Someone told me there was some kind of statement that went out there that she was kept I don't know if it was a prison, she was contained. I don't know. She didn't really have communication with everybody.

I hope this is true, that she's found, that she's healthy, that everything is fine. If this is the case, okay, at least the worst is avoided.

I support the statement of WTA as an organization and also their president absolutely. This can obviously happen to anybody. I mean, this is not common thing, obviously. We don't hear about it. I don't know if it ever has happened. But life is like that. Anybody can get lost. I don't know, something can happen to you.

The whole community, tennis community, needs to back her up and her family, make sure that she's safe and sound because if you would have tournaments on the Chinese soil without resolving this situation, it would be a little bit strange.

I do understand why WTA has taken a stance like that.


The whole community, tennis community, needs to back her up and her family, make sure that she's safe and sound because if you would have tournaments on the Chinese soil without resolving this situation, it would be a little bit strange. Novak Djokovic

Q. The PTPA have put a Twitter statement out a day or so ago saying, We must unite and be willing to take any action unless un-collaborated evidence -- I am sorry, unless collaborated evidence is provided. What does 'action' represent in your opinion? What does that actually mean from the players?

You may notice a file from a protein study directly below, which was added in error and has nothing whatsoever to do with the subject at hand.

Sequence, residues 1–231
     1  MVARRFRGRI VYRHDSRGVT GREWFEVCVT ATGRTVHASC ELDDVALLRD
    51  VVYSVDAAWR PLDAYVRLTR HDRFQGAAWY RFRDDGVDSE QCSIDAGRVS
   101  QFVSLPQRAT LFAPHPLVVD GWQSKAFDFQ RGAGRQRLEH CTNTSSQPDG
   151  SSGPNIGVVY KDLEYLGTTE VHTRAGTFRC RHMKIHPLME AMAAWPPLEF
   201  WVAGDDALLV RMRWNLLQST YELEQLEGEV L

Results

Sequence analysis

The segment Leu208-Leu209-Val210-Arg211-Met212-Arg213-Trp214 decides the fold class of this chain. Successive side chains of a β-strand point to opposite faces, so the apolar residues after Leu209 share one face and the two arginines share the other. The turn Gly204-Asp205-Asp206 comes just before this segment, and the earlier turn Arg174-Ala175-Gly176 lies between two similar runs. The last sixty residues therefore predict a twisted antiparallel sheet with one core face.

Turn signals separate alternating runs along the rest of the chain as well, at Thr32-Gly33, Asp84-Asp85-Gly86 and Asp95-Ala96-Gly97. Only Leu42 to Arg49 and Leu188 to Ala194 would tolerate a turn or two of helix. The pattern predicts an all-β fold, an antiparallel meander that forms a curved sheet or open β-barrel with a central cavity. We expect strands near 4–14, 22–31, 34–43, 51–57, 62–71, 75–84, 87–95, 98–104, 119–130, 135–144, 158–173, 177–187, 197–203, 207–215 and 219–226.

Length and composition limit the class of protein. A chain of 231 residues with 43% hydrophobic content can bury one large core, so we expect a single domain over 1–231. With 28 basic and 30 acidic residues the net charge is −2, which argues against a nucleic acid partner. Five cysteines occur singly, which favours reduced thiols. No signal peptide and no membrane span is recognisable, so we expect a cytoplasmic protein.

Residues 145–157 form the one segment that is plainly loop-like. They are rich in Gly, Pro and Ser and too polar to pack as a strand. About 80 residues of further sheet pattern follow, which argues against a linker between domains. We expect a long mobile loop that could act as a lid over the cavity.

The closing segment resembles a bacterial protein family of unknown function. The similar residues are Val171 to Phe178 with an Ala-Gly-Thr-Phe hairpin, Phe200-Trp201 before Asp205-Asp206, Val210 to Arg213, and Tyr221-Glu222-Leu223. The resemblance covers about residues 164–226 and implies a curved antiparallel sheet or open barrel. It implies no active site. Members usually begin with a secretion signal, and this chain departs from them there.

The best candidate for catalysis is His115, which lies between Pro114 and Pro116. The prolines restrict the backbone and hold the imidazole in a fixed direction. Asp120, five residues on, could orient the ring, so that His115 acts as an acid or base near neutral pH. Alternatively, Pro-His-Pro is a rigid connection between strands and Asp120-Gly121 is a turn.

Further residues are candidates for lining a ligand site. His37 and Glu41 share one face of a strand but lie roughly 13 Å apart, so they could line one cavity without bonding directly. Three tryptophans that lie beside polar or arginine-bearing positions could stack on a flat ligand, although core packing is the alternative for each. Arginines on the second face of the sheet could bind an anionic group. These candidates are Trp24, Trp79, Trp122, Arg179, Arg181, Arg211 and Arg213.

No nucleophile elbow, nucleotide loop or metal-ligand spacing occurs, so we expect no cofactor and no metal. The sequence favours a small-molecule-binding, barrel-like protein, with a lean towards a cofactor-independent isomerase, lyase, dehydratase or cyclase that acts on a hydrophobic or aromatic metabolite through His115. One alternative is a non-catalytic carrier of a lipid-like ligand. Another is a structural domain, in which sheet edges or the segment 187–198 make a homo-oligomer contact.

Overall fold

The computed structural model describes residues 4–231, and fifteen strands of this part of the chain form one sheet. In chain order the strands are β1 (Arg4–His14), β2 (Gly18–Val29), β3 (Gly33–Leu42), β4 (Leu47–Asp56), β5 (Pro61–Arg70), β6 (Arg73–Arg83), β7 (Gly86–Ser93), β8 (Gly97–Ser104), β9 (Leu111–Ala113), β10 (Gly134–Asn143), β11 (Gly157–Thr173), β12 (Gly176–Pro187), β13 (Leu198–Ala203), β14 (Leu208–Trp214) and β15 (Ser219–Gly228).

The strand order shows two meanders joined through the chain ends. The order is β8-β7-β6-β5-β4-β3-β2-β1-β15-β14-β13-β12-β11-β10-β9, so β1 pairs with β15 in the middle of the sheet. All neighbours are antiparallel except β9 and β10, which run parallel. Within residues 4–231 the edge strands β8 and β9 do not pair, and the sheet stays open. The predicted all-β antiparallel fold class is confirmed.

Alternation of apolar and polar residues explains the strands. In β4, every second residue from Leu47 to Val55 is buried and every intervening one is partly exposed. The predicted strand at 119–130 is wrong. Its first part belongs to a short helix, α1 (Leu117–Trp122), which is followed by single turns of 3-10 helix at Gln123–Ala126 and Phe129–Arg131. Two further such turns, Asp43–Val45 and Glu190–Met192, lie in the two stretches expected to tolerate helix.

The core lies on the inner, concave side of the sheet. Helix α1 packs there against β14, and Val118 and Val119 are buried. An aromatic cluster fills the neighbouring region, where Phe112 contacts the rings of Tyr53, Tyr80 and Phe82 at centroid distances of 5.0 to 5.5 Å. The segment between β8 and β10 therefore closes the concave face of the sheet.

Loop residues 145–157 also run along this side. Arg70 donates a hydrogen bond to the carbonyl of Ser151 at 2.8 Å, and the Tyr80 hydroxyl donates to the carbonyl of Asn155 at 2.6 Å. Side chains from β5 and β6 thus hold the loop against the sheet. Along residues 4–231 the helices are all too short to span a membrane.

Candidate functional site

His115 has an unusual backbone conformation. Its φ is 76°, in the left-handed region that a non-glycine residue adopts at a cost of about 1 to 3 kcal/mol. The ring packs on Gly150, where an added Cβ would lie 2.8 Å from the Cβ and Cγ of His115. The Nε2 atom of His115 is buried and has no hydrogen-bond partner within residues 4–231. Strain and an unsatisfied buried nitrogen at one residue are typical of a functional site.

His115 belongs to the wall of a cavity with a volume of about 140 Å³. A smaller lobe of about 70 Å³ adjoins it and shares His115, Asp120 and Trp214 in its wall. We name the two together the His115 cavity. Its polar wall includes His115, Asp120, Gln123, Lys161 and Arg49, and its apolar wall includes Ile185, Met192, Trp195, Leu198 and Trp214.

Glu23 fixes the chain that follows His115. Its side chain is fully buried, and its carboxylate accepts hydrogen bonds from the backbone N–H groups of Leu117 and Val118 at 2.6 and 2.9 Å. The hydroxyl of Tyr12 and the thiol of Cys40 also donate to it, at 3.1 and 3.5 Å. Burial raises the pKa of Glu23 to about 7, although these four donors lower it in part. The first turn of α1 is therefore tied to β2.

NOVAK DJOKOVIC: We don't know what it means fully because this is such a recent situation that occurred. We don't know enough.

The actual meaning behind that statement and the message from PTPA is that we must stand together. Whether it's a male or female player, whether it's one player or more players, it's necessary. It's kind of logical that we stand behind trying to give support in one way or another, whatever that means.

'To unite' means to come together and to figure out what kind of actions we can take, not just players, but players with ATP, WTA, kind of an initiated reaction from both ATP and WTA chairmans.

It's important because this is horrifying. I mean, a person is missing. I don't know what I said just previously if it's true or not, that she's found. I mean, I really hope so because, I mean, she was No. 1 in the world recently in doubles, one of the most well-known Chinese tennis players. China is a huge country. It's a very important part of the world especially for WTA. They have many tournaments there. I mean, this is necessary for us to take whatever actions.

I heard just now from Reem that WTA is willing to pull out from China with all the tournaments unless this is resolved. I support it 100%.


Q. That was a Chinese state media tweet that was put out a couple hours ago claiming to be her, but we aren't able to verify that.

NOVAK DJOKOVIC: Thank you. I did not know what the source was. I'm not really sure. I didn't validate the source, what was happening. I just heard.

I mean, I hope that for the sake of tennis, Chinese tennis, Peng Shuai, to find her very soon. It's terrible. I mean, this could happen to anybody in any part of the world. Imagine what people would feel if maybe there is someone else coming from, I don't know, someone maybe even more known in tennis or more popular athlete. It doesn't really matter who it is.

We just have to unite and stand together and show that there is no ignorance to this, that it's not like it's just I guess something that concerns China. It concerns the tennis world because she has been an international tennis athlete for many years. She deserves at least our support in this whole case.